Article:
We designed and implemented an IoT-based environment sensing platform leveraging SCALE, called EnviroSCALE, for measuring air quality in developing cities. EnviroSCALE is deployed in Dhaka, the capital of Bangladesh. The field device of EnviroSCALE consists of a set of air quality sensors that periodically sense the environment and upload the sensed data to a backend server or to the cloud. Since the developing cities do not have widespread free public WiFi networks, we explored issues in utilizing cellular connectivity (e.g., GPRS or 3G) connections, which are available in many such cities. Unlike Wifi, cellular connections are, expensive and metered; hence, the periodic sensing intervals at which the data is being gathered should be set in such a manner that the data generation and upload rate do not exceed the constrained data budget. We explored infrastructure and information level techniques for addressing such communication limitations. We adjust sampling intervals of sensors for accommodating with limited data budget (infrastructure-level adaptation). We refer to this problem as the rate limited sensing and uploading and propose solutions for necessary adaptations. Techniques for choosing sensing intervals have been designed based on the degree of variation so that the sum of data rates from all sensors remains within a given data budget. We also do not use verbose data exchange protocols such as JSON while uploading data over MQTT; instead, we use binary encoding to reduce data volume of individual sensor readings. We built a prototype system with a set air quality sensors (MQ2, MQ4, MQ6, MQ135), temperature and humidity sensors (DHT11), and a GPS receiver on board, and deployed in Dhaka for air quality monitoring for an extended period of time using a cellular (3G) connection on a weekly subscribed data plan obtained from a local telecom operator.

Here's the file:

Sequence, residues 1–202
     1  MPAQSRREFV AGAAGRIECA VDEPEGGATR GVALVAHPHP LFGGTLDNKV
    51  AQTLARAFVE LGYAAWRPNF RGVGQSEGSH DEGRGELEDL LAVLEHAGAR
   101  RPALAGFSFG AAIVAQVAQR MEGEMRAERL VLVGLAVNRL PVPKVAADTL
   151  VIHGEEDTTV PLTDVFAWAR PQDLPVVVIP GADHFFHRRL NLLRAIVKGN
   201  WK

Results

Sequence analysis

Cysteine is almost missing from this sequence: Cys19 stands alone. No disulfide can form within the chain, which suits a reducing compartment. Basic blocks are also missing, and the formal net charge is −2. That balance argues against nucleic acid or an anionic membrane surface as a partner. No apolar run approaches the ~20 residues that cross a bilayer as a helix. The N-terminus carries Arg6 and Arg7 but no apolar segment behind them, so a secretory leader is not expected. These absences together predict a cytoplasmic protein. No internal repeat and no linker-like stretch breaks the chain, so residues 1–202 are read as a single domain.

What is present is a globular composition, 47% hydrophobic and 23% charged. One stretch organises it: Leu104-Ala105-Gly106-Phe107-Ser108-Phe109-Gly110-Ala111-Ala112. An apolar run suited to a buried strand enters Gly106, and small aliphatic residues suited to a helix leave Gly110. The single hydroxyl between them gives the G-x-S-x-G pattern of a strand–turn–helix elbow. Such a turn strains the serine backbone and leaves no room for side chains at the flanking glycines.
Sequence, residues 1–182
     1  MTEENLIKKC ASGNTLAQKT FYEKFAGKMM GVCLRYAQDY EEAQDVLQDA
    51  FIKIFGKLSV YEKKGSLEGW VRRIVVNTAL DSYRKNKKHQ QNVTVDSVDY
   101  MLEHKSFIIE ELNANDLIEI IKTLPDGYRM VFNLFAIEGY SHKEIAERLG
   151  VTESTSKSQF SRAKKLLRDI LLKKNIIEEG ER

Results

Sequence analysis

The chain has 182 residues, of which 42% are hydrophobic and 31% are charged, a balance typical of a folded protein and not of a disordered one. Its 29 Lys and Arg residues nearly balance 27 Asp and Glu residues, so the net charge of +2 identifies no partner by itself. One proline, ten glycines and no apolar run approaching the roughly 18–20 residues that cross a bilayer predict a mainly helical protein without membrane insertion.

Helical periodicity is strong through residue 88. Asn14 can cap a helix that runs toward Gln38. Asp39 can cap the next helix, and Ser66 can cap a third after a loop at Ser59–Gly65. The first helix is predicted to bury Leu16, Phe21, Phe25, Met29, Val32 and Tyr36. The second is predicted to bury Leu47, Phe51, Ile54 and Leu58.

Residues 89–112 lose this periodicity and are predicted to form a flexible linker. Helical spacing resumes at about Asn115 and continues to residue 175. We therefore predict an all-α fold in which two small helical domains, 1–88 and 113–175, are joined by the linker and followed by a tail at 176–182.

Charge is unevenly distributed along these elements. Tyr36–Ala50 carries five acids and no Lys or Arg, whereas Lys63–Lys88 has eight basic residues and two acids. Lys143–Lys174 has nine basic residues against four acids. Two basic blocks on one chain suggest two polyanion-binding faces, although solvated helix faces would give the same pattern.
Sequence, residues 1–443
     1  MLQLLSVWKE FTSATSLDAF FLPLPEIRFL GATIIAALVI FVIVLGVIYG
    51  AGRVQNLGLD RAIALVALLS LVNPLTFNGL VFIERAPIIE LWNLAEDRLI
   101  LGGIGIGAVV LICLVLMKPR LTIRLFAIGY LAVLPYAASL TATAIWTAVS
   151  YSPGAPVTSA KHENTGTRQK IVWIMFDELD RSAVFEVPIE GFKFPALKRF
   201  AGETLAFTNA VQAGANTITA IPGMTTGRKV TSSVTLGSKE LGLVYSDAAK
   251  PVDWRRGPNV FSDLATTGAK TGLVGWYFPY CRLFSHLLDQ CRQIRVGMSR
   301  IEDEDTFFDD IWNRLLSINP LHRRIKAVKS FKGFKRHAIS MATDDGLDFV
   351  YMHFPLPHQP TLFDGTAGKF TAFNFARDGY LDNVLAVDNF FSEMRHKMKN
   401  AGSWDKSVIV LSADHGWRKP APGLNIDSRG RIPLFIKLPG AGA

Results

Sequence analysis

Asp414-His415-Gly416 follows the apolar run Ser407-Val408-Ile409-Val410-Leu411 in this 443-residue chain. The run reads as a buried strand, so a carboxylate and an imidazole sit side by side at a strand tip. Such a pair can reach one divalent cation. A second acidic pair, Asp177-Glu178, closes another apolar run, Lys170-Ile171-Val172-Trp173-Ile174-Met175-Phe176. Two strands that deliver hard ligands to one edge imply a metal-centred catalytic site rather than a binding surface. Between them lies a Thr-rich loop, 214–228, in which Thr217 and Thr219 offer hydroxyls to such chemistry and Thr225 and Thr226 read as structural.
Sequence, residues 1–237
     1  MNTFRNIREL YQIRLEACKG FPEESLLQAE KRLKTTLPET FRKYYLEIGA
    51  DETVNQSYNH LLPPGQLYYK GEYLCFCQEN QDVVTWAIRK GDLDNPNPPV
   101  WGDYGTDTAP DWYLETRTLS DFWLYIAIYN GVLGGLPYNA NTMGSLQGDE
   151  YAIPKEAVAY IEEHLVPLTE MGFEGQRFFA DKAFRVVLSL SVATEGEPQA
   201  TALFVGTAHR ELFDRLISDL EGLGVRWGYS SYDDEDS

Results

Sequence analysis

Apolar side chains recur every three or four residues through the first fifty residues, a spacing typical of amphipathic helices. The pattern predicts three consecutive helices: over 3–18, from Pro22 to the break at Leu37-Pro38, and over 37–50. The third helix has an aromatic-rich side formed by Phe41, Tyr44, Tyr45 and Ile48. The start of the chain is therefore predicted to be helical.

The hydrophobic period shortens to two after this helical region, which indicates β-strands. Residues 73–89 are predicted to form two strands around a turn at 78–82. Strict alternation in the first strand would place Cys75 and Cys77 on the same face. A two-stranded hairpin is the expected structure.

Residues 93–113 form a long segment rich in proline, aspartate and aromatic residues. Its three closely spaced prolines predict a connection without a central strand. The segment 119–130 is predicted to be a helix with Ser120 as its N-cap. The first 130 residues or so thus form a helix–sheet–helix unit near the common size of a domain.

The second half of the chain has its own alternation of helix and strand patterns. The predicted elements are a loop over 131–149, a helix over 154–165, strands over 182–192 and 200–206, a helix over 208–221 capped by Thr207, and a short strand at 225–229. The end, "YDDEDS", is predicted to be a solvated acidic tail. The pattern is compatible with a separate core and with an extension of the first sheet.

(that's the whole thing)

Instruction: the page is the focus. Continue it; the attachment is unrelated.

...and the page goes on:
We also explored the use of Information level adaptation techniques that utilize on-board analytics for event extraction (from raw data). We extend the EnviroSCALE platform by introducing containers technologies to run application specific analytics on the device where sensor data is being collected - e.g. Docker containers for packaging rich media analytics with software dependencies and Kubernetes for provisioning IoT devices and deploying Docker images. This is particularly important when multimedia sensors such as audio and video cameras are involved. Here, instead of sending raw media data (large), on-board media analytics extract useful intermediate representations from the media content, e.g. feature vectors for image detection/recognition. Since these analytic requirements are application specific and can be dynamically needed/modified based on the problem at hand, the container-based architecture enables on-demand deployment and activation of specific media analytic modules. We plan to explore more adaptive triggering of analytics only when an event is detected by the always-on sensors, for example activating the camera only when smoke is detected inside a room (running analytics all the time would be expensive otherwise). To limit data communication overhead over 3G with limited data plans, the Docker images are preloaded in the board but a small footprint of analytic code is transferred whenever required. Our initial experiment results demonstrate the practicality of triggering rich sensing analytics via user-specified criteria, even over constrained data connections. The system, deployment experiences in Dhaka and algorithms for adaptation have resulted in multiple publications including a demo paper; a workshop paper in ACM Middleware addresses how adaptation techniques, our initial efforts in using container technologies have been accepted for publication at IEEE CloudCom 2017 and a detailed conference paper is in progress as well.